Loading software onto a computer is a “transmission” under the Computer Fraud and Abuse Act

The Computer Fraud and Abuse Act, at 18 U.S.C. §1030(a)(5)(A)(1), imposes liability upon a person who “knowingly causes the transmission of a program, information, code, or command, and as a result of such conduct, intentionally causes damage without authorization, to a protected computer.”

In the recent Seventh Circuit case of International Airport Centers, L.L.C. v. Citrin, the plaintiff provided one of its employees with a laptop computer for him to use in connection with his work. The employee quit his job to start up a competing business. Before he turned in his laptop, however, he used a “secure-eraser” program to irretrievably delete the files on the laptop. According to the plaintiff’s version of the story, the defendant deleted not only information he had gathered as part of his job, but also information that would have demonstrated his improper conduct.

The plaintiff claimed that this conduct subjected the defendant to liability under the Computer Fraud and Abuse Act, and it filed suit in the U.S. District Court for the Northern District of Illinois. The district court dismissed the Computer Fraud and Abuse Act claim, holding that as a matter of law, the defendant’s alleged conduct did not give rise to a violation of the Act. Specifically, the district court determined that installing the program used to delete the material off the computer did not constitute a “transmission” as contemplated by the Act.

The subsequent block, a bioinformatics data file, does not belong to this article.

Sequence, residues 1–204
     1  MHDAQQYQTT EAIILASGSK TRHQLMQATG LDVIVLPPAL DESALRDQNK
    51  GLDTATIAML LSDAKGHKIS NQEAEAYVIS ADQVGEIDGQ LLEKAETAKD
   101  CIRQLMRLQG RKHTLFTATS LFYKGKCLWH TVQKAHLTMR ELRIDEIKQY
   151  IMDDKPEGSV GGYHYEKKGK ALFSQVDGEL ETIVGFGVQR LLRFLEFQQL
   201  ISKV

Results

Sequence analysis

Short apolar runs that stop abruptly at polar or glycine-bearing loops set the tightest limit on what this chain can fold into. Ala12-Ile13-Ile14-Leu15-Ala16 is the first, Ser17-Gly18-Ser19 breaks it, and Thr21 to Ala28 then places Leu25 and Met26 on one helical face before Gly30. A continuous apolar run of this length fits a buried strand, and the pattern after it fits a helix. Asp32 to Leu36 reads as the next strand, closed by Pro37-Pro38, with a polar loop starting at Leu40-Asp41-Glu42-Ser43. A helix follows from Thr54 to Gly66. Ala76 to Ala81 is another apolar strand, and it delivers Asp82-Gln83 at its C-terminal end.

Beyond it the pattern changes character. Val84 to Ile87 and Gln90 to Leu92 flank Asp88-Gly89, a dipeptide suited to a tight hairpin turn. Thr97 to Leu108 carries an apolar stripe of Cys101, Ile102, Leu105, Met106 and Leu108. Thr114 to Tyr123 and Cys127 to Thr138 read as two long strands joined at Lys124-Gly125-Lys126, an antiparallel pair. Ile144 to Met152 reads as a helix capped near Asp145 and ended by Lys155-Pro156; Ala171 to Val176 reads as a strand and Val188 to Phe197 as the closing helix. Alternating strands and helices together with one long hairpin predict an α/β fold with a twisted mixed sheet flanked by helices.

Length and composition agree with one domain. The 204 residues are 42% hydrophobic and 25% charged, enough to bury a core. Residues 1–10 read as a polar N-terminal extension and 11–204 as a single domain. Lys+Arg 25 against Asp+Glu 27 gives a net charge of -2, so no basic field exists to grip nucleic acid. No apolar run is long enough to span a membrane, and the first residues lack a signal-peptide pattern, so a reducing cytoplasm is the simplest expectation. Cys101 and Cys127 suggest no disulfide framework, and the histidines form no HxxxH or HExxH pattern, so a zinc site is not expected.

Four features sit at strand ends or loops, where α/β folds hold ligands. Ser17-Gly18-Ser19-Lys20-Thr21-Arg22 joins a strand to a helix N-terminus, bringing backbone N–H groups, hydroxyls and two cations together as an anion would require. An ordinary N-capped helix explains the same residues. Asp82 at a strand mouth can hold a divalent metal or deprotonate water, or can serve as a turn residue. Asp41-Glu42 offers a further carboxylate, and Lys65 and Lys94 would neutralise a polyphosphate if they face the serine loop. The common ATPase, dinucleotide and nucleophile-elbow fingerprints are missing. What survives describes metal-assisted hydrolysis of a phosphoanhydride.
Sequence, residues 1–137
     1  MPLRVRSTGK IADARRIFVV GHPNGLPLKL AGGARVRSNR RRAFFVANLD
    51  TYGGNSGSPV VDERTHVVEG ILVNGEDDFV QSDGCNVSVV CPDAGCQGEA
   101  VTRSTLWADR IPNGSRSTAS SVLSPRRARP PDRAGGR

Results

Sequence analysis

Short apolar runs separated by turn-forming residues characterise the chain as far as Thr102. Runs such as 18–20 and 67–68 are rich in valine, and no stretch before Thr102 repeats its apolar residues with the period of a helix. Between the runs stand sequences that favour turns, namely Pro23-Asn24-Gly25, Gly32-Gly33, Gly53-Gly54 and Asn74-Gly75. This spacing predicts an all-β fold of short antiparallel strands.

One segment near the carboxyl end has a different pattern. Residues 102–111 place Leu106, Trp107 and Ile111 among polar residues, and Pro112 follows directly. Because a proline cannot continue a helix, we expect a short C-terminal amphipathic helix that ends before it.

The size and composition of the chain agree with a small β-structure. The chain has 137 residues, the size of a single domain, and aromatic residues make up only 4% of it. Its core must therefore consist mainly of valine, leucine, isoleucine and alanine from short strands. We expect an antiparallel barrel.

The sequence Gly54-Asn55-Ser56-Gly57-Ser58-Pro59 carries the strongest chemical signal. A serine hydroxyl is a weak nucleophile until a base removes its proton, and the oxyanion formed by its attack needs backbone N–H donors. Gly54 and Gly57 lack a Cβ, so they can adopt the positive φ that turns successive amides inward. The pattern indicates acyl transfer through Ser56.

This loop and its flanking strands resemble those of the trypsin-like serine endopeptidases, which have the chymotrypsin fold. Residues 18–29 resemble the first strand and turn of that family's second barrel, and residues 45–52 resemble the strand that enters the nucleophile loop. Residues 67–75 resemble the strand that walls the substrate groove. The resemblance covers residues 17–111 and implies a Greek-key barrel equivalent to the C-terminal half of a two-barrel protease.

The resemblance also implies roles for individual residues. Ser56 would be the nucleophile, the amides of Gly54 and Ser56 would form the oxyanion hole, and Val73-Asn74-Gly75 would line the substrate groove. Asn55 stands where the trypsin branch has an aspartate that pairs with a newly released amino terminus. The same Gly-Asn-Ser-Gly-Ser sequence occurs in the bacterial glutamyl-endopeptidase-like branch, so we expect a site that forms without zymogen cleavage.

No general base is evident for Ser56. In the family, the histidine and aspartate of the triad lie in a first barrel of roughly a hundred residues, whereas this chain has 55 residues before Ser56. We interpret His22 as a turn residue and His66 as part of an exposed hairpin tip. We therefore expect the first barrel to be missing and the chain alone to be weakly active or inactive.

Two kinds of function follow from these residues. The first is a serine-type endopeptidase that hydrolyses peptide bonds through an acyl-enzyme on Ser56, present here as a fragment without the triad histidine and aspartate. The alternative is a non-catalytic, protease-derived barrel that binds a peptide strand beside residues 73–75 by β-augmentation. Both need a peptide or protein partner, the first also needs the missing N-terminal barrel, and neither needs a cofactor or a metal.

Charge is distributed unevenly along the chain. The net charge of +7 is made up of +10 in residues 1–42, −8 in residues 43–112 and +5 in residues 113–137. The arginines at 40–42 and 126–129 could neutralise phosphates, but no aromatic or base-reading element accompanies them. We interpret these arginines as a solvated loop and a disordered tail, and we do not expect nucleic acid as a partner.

The Seventh Circuit disagreed and reversed the decision of the lower court. Departing from the lower court’s conclusion that a “transmission” under the Computer Fraud and Abuse Act requires some sort of “shipment or delivery of a code or a program,” the court found that the precise mode of transmission of the program onto the computer did not matter. The copying onto the hard drive, whether done through a download over the Internet, or by loading off of a disk, satisified the statutory requirement of “transmission.”

The Court of Appeals sent the case back to the District Court.

International Airport Centers, L.L.C. v. Citrin, (Slip Op.) No. 05-1522 (7th Cir. March 8, 2006).